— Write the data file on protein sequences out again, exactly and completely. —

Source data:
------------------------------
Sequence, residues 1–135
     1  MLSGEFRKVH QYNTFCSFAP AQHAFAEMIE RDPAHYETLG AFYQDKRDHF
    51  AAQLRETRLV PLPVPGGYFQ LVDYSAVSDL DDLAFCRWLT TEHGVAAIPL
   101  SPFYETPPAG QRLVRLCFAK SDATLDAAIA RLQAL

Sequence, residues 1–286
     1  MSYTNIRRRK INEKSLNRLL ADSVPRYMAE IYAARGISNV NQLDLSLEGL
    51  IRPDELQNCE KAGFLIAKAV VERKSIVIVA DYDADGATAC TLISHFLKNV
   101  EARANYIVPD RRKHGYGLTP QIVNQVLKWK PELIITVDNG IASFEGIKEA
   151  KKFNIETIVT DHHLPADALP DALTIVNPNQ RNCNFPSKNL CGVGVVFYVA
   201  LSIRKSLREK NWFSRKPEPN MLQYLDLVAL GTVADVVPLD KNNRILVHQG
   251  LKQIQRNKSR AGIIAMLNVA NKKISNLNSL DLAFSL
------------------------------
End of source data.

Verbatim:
Sequence, residues 1–135
     1  MLSGEFRKVH QYNTFCSFAP AQHAFAEMIE RDPAHYETLG AFYQDKRDHF
    51  AAQLRETRLV PLPVPGGYFQ LVDYSAVSDL DDLAFCRWLT TEHGVAAIPL
   101  SPFYETPPAG QRLVRLCFAK SDATLDAAIA RLQAL

Sequence, residues 1–286
     1  MSYTNIRRRK INEKSLNRLL ADSVPRYMAE IYAARGISNV NQLDLSLEGL
    51  IRPDELQNCE KAGFLIAKAV VERKSIVIVA DYDADGATAC TLISHFLKNV
   101  EARANYIVPD RRKHGYGLTP QIVNQVLKWK PELIITVDNG IASFEGIKEA
   151  KKFNIETIVT DHHLPADALP DALTIVNPNQ RNCNFPSKNL CGVGVVFYVA
   201  LSIRKSLREK NWFSRKPEPN MLQYLDLVAL GTVADVVPLD KNNRILVHQG
   251  LKQIQRNKSR AGIIAMLNVA NKKISNLNSL DLAFSL